3. Heteromeles Says:

    I saw this while listening to an interview with the film-maker Werner Herzog on his new movie, “Cave of Forgotten Dreams.” I haven’t seen the film, but it’s about the paleolithic art of Chauvet Cave.

    The phrase that leaped to immediately to mind was (courtesy Buckaroo Banzai): “Art is what we do in the dark.” At least at first. That’s certainly not fair, because the cave art is so well-done that they must have practiced somewhere else. But still.

  4. Morton W. Kahl Says:

    I recall being told that “Art is anything done by an artist.”. Personally, I find this hard to accept. I cannot remember the number of times leaving an exhibition with the reaction, “This is junk.”.

    Admittedly, my taste is fairly conservative but there are moderns that appeal to me. Example, Mondrian. Not just his abstracts. Have you ever seen his magnificent flowers?

    I just cannot accept anything based only on “informed criticism”.

  5. janelindskold Says:

    Like Morton, I have trouble with some things I am informed are “art.” I don’t consider my tastes “conservative,” but why is one abstract splatter art because it’s done by someone in a gallery when another is just home decorating?

    I really enjoyed the definition John offered and I know from comments sent to me elsewhere (I have some of the universe’s shyest blog readers) that many other people did, too.

    I did find the additional element of “longest period of time” particularly interesting… Certain works of art really “hit” cultural high notes. However, in my years as a lit prof, I found that when I had to explain the cultural context (ie. why Hamlet considered his mother’s remarriage incest, when we would not today) that something was lost.

    Great way of thinking about art. Thanks, John!

  6. Heteromeles Says:

    I’ll offer the contrarian opinion, mostly because it’s so much fun: art is a western construct. The reason I’m pitching this one into the fray is that I happen to love Polynesian and Micronesia “art.” Thing is, they tend not to have terms for “art,” the way we do. While they make beautiful things, they don’t create them for art’s sake, they create them to celebrate a chief, or for magic, or whatever. Art isn’t called out as something separate and special.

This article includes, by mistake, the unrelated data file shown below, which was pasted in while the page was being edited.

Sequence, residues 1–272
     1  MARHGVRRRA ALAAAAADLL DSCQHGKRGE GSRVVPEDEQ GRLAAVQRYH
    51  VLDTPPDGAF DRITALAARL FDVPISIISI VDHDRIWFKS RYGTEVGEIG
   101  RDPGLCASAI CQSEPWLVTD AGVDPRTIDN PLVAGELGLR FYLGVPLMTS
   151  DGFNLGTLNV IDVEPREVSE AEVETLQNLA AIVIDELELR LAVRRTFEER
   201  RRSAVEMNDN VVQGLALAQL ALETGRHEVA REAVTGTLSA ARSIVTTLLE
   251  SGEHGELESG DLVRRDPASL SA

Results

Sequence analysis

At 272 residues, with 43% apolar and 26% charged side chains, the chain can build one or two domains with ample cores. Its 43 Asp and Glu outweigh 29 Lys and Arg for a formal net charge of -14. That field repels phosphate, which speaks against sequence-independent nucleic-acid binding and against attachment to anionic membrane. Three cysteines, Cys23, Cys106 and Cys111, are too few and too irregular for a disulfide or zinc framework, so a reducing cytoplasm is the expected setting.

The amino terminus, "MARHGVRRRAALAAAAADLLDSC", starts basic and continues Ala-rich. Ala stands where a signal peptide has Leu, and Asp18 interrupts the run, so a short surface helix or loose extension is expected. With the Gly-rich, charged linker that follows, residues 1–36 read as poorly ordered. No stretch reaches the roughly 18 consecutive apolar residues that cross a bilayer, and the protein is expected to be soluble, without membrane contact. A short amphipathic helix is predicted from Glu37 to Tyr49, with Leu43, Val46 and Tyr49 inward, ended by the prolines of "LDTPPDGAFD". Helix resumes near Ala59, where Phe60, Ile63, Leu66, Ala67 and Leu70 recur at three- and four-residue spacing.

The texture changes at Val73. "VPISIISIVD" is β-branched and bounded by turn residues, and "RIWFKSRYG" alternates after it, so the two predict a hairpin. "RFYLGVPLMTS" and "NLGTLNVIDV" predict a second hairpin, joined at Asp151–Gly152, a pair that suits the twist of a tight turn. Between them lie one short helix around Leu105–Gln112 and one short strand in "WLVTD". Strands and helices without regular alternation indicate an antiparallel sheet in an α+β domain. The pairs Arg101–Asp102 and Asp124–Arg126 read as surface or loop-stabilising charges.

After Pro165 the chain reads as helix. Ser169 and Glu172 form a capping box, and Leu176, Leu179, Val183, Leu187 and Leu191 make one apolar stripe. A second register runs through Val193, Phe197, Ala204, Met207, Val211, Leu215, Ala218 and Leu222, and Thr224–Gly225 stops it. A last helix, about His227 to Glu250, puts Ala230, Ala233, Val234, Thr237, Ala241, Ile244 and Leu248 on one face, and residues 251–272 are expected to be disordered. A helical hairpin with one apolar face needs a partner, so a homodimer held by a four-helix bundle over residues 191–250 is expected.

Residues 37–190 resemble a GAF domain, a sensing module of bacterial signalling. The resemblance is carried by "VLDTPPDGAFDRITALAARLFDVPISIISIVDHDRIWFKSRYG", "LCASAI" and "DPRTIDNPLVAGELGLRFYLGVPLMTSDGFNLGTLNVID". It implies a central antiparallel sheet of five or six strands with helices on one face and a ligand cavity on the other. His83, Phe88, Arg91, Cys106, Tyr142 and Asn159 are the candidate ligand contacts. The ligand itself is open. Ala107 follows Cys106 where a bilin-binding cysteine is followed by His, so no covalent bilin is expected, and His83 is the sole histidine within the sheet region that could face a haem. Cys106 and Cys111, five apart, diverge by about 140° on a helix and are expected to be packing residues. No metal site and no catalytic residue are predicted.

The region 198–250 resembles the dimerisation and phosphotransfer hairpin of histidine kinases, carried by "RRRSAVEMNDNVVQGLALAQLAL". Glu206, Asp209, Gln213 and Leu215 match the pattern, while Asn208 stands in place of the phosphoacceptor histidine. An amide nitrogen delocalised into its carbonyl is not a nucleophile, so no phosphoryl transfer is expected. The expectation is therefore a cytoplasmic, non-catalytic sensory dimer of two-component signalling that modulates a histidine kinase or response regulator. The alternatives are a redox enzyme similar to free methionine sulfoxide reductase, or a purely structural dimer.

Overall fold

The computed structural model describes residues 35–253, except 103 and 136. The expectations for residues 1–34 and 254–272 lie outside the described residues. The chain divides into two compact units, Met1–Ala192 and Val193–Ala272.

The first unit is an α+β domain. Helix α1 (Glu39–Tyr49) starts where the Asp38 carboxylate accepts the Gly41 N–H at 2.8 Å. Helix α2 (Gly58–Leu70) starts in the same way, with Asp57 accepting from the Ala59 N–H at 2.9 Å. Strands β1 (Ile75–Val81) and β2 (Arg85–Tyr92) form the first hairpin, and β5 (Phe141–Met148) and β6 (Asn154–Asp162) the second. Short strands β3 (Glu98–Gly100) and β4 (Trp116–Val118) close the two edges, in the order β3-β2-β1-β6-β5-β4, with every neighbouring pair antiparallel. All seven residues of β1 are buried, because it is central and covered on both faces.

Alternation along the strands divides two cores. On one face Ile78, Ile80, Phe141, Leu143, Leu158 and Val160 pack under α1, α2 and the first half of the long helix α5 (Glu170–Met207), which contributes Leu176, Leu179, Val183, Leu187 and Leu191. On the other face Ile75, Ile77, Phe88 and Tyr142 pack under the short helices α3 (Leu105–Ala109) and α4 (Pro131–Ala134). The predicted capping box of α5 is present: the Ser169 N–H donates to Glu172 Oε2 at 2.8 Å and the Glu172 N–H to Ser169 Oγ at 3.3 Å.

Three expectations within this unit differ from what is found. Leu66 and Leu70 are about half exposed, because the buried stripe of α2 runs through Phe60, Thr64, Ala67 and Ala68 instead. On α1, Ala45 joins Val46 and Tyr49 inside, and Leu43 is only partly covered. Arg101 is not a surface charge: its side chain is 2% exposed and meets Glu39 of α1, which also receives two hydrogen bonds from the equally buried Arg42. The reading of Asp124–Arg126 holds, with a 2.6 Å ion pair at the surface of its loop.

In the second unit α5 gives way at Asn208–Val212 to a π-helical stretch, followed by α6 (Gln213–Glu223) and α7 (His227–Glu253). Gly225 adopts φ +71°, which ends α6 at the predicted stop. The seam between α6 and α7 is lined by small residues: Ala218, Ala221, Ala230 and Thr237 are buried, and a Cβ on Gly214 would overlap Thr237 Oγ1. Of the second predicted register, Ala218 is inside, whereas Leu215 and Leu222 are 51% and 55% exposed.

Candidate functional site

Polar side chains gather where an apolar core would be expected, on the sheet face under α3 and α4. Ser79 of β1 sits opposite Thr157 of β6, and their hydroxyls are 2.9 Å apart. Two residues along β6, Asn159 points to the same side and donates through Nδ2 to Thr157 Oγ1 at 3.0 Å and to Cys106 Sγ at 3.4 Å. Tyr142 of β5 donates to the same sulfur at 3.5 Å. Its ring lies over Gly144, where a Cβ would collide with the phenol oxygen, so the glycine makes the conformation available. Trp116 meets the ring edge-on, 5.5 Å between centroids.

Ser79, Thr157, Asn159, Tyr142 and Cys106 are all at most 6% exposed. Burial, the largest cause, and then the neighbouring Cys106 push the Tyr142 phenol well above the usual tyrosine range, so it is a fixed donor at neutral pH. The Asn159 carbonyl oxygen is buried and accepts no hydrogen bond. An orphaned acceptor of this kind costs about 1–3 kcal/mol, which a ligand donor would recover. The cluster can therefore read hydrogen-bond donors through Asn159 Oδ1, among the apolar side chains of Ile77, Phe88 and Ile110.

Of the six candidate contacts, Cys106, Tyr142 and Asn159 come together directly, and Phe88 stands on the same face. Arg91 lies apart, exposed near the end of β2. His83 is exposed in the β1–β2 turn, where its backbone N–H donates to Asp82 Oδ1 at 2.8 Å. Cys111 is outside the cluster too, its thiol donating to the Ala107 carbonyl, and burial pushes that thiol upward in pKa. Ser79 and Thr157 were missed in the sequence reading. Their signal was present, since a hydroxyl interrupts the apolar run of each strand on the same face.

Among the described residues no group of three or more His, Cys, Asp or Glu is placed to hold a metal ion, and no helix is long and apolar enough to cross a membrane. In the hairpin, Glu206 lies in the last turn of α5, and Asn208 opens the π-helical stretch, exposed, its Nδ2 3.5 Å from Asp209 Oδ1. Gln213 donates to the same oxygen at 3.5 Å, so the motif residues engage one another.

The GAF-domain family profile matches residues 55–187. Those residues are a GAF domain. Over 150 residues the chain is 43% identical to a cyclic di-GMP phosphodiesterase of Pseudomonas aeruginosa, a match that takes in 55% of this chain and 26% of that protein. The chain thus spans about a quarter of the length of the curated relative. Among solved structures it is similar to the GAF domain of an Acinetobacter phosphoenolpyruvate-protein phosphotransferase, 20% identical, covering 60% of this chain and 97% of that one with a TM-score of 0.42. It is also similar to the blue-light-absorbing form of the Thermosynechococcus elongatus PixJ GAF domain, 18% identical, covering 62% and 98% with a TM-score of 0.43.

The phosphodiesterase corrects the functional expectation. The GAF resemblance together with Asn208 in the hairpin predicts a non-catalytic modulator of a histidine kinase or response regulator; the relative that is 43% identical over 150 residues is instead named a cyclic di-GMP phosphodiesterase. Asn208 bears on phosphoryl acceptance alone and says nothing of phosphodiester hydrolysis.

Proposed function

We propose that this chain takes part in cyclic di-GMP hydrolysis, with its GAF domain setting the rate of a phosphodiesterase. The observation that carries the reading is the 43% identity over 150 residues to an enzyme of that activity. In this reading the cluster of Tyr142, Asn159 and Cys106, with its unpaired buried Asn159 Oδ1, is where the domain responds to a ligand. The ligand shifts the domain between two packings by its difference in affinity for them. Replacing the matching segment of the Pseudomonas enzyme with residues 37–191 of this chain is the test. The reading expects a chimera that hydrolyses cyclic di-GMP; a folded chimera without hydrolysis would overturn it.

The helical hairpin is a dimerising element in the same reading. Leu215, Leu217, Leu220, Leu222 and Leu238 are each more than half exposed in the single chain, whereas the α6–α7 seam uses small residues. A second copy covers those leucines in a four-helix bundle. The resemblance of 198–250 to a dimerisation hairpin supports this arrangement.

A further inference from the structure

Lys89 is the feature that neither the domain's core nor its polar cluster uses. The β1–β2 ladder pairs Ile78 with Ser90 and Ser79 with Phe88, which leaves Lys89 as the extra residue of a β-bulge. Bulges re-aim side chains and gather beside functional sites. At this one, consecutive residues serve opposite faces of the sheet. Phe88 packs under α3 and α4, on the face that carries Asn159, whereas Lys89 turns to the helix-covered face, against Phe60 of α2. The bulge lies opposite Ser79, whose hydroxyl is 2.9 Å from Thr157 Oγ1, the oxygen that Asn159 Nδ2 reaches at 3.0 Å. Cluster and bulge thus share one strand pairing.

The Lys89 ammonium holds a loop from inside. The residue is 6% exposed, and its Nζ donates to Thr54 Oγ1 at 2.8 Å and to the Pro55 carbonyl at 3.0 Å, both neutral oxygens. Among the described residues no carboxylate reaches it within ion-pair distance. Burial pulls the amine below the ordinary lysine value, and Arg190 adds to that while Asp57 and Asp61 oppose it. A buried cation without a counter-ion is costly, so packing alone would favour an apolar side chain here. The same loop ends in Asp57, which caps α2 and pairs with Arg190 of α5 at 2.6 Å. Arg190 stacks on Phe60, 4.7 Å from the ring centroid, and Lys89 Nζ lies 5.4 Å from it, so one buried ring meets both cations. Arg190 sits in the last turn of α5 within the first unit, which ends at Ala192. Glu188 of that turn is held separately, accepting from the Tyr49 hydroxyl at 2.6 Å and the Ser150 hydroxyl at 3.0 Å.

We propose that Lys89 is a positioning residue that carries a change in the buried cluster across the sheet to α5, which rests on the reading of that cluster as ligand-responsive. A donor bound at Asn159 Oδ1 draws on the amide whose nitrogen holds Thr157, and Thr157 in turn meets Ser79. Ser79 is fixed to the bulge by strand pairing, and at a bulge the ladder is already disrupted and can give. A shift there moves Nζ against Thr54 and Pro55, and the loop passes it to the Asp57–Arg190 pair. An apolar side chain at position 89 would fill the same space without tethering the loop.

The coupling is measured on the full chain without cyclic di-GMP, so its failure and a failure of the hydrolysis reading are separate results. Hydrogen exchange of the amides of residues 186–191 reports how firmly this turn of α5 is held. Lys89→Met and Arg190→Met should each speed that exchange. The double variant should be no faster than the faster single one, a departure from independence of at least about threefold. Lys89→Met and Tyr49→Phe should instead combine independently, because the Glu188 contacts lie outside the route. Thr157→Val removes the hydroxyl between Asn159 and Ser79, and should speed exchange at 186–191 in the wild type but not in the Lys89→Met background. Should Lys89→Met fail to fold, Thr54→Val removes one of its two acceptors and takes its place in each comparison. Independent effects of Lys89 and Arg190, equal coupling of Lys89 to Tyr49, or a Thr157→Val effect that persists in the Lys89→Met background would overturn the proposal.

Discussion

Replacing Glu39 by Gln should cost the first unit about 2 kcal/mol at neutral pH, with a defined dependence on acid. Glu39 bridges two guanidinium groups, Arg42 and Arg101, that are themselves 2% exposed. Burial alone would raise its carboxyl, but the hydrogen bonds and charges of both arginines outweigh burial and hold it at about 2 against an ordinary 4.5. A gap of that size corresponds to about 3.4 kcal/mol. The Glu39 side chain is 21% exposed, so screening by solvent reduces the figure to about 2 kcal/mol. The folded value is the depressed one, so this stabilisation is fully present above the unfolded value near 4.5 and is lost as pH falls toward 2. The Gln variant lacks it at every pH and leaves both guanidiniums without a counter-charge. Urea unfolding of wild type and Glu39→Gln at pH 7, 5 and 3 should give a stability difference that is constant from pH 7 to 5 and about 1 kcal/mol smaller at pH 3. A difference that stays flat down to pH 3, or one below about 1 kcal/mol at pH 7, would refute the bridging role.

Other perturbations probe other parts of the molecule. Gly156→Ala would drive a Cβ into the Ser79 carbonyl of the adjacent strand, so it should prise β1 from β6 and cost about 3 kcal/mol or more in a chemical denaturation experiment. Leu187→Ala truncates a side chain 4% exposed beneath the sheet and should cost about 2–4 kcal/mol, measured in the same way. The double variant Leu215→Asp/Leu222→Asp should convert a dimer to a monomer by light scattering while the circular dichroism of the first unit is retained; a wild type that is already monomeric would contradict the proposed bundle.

An example is the Trobriand Islanders, who believe that, if you make a perfect-enough canoe with the right magic in it, it will fly. Is that canoe a work of art? It depends, really, on which language you’re speaking. If the language doesn’t have a word for “art,” it’s just a beautiful canoe.

    It would be great to ask Jim whether traditional Navajo sand paintings and chants are works of art or not.

    • janelindskold Says:

      Sandpaintings are really an interesting question.

      We have a switchplate by our front door that is done using sand-painting techniques. Definitely craft, not art, not traditional.

      However, we have some paintings done with this technique that definitely are Art. (Jim’s folks have a couple that are so complex that I had to go up to them and pratically stick my nose into them to see they weren’t painted with paint, not sand).

      I’ve talked to traditional sand painters and they usually are very respectful of the “magical” “medical” elements used in ceremonicals, and will not reproduce these exactly for re-sale.

      And, of course, since a traditional sandpainting is non-permanent, it cannot be preserved.

  7. Rowan Says:

    I am coming to the conclusion that just the way that “text” is now in the English department a vastly inclusive term that encapsulates far, far more than printed letters, “art” is really more of a lens through which we might look at an object. In fact, having been in conversation with a professor who has spent a number of years looking at Renaissance needlework as text, I’m pretty sure that we can look at many objects and call them art and text at the same time – or neither – depending on how we want to interface with them.

    Can we tell I’ve been reading too much theory? Oh yes, yes we can.

  8. OtherJane Says:

    This is an interesting and difficult question. I think “art” (or maybe “fine art”) has something to say…whether we agree with it or not…understand it or not…like it or not. Art stirs emotions, thoughts, sometimes even action. It may be beautiful, or it may be ugly. But, good art is powerful in some way.

    Crafts and sometimes folk art doesn’t necessarily have that same power. Many artists are exellent craftsment with outstanding skills…and they can make some very beautiful pieces, but they seldom have high emotional impact.

    That’s how I’ve always separated the concepts in my mind.

  9. janelindskold Says:

    Rowan and OtherJane’s comments reverberate nicely off each other, don’t they?

    Perhaps what OtherJane is saying is that Art (rather than Craft) has that “text” Rowan was mentioning.

    Maybe what separates Folk Art from Craft is that the former has some “text” — some meaning — where the other is merely neatly executed labor?